Epidemiology and intervention for dysphotopsia
Positive dysphotopsias less common than negative but cause more disturbing symptoms
Dysphotopsias may be one of the most significant factors for patients having a negative outcome after uncomplicated cataract surgery.
Speaking at the clinical research symposium on “Understanding and Dealing With Dysphotopsias”, Nick Mamalis MD discussed the epidemiology of positive and negative dysphotopsias.
Positive dysphotopsias are less common than negative dysphotopsias, but they cause more disturbing symptoms. The aetiology appears to be related to IOL material, particularly hydrophobic acrylic and a square-edge design. Therefore, IOL exchange using an implant made of a different material is often immediately effective for resolving dysphotopsias, said Dr Mamalis, Professor of Ophthalmology, John A. Moran Eye Center, Salt Lake City, Utah, USA.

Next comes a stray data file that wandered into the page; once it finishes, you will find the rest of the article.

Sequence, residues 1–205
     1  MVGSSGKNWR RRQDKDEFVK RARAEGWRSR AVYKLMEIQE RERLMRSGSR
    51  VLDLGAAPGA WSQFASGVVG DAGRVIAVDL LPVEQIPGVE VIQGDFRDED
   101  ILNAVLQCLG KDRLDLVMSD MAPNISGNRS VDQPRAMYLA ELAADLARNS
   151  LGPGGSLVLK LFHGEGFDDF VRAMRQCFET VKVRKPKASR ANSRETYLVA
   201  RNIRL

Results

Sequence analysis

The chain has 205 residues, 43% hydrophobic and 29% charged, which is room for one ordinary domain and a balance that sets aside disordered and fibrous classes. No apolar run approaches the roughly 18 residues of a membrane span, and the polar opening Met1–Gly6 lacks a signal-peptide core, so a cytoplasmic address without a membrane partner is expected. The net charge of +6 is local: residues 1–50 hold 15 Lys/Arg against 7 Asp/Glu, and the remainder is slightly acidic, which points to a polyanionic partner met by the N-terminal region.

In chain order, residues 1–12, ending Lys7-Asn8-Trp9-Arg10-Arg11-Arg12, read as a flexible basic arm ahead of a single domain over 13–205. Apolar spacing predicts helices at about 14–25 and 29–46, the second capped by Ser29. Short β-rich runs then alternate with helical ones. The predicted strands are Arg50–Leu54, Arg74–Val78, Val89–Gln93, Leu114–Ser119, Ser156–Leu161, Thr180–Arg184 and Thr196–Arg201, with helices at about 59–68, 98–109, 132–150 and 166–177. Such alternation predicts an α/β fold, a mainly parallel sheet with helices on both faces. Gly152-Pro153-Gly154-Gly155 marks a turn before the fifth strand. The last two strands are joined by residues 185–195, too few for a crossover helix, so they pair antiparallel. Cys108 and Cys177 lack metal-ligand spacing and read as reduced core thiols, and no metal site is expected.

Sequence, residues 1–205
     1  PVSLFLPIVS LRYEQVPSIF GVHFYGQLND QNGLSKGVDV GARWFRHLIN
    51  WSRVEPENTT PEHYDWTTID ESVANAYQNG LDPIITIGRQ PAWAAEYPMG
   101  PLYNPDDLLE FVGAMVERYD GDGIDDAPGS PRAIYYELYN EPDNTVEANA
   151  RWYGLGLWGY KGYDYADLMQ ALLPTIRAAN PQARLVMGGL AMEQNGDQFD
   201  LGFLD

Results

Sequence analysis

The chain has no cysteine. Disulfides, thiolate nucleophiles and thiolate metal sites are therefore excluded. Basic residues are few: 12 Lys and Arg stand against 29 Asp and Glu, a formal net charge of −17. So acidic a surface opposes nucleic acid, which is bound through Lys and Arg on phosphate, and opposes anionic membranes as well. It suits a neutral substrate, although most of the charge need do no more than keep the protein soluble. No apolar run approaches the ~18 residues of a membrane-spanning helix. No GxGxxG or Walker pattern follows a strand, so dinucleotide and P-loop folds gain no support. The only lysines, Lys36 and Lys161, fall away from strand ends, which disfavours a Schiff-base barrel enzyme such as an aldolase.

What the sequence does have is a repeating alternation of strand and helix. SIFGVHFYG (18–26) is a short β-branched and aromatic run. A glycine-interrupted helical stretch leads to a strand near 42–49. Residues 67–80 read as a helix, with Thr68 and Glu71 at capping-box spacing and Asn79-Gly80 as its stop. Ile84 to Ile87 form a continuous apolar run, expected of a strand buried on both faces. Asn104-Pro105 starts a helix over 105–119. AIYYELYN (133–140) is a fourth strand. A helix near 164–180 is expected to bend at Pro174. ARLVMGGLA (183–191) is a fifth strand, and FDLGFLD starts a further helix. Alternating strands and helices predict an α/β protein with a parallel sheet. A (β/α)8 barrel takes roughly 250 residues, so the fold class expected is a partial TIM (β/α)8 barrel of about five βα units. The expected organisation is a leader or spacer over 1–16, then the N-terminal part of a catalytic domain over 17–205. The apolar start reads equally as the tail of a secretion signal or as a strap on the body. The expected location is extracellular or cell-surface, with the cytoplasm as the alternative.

Negative dysphotopsias are likely also related to IOL material and design, but space between the iris and the IOL surface and the relationship of the anterior edge of the capsulotomy may also be contributing factors. Treatment may involve placement of an IOL in the ciliary sulcus or of an add-on IOL as well as reverse-optic capture of the existing IOL.
“However, negative dysphotopsias are more likely than positive dysphotopsias to resolve spontaneously. Therefore, when patients complain about this problem, surgeons should not rush to try to do something about it,” said Dr Mamalis.